I’m very happy to share that with people that I am out and close to, to kind of educate them and show them other stories that aren’t just my own. Because, like I said, a lot of these cases, I’m the only queer person they know.
I felt like I had to give a lot of information…If he had difficulty with name and pronouns, that was… okay. I went down the list of stuff like that. I also sent him an email to go back to later, with some resources at the bottom. Yeah, definitely thinking about all his questions.
I was very proud in that space. We gave a very good and deep overview of trans issues. Good general knowledge but also very good specific knowledge that you could really only get if you were talking about trans issues with a trans person.
Sometimes they get uncomfortable whenever they say the wrong name and they all freak out a little bit and they’ll panic there, like, ‘oh gosh, oh no,’ and then I’ll be like ‘it’s ok, it’s fine, I get it.’ It happens because I get that other people are changing too. Their ways, their views of me and how they present me verbally you know that takes some challenge.
I feel like sometimes people don’t get the full story, just from watching the news or anything like that, so I do a lot of like research sometimes, just to make sure that people know what actually happened…once I put it out there, other people also spread the word… So it kind of starts a chain reaction…[that could start] peaceful protests and stuff like that.
I was like, ‘y’all cannot make us pay to change our fucking names on our (University) IDs, and y’all can help us change our name in the system easier, and y’all can get a gender identity therapist in your health center—someone who can prescribe hormone replacement therapy, direct access.’ I said, ‘And I understand all of those things cost money, and they’re not all as easily feasible, but you can write a policy to have the $20 fee waived to change a name.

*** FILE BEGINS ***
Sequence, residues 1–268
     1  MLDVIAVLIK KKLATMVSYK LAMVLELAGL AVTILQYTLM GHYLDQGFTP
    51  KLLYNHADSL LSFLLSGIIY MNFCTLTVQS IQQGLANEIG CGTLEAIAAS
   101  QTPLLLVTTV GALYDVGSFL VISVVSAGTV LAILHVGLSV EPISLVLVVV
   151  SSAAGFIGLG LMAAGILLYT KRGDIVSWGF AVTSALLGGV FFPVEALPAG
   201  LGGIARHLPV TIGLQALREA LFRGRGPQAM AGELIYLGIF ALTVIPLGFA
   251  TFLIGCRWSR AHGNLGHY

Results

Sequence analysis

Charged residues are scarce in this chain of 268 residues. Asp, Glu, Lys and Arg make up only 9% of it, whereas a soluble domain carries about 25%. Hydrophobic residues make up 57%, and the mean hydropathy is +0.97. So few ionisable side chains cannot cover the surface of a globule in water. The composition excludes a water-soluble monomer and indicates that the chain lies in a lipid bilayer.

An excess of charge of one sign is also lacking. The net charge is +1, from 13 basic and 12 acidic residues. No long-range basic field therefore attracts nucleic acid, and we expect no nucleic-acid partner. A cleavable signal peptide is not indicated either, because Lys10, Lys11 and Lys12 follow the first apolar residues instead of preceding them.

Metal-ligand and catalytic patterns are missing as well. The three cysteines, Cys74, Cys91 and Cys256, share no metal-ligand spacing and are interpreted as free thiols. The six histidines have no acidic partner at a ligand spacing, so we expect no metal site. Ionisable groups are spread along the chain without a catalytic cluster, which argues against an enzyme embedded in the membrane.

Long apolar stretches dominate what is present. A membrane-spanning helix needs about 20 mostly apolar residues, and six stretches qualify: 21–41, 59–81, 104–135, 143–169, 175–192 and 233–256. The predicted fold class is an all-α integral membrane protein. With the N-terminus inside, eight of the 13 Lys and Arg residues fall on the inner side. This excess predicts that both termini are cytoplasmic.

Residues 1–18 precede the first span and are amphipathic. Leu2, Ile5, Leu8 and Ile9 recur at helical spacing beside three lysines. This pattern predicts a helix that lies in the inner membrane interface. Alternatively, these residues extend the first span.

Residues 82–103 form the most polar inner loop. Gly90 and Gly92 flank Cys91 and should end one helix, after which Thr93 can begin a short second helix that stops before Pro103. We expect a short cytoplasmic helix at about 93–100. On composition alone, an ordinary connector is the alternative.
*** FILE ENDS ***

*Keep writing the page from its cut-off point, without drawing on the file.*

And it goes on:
3.2.3. Standing up for Self and Others
If the person’s not there and someone’s talking about them and they’re using the wrong pronouns, I’ve had a few instances where I’ve been like, ‘Hey, I think it’s actually this. If you could do that, that’d probably be better.’
I try to reflect positivity on anything negative. If somebody’s saying anything negative —if somebody is saying, ‘Transgender is gross’—I’ll be like, ‘Well, I mean, maybe possibly you’re the gross one, but either way, I will love you.’ You know what I mean? Like try to change what they’re saying or what I’m saying into something positive to help encourage them to love instead of hate.
There’s a lot of things I probably need to tell [my mom]. I need to break things off, probably, with my parents, just because they said a lot things. I need time to heal. I can’t let them keep acting the way they are towards my identity…I still talk to them, but they kicked me out, and I’m not okay with what they did or what they said.
They see my birth name, but I emailed all of my teachers and professors at the beginning of the year and asked them to use [chosen name], and that I’m gonna be writing [chosen name] on my paper whether they like that or not.
If I feel the need to join a conversation or whatever, then I’ll do that. I’ll feel really nervous, I guess, while doing it, but at the end when I—when I’ve kind of put them in their place—I feel great overall, but still like just nervous energy.
I can…build myself up enough to jump in and say something, but that never usually happens unless it’s like the internet… In which case, I’ll be like, ‘oh, I don’t have to build up confidence, I’ll just do it now because I’m behind the screen’…that’s pretty much how I do it.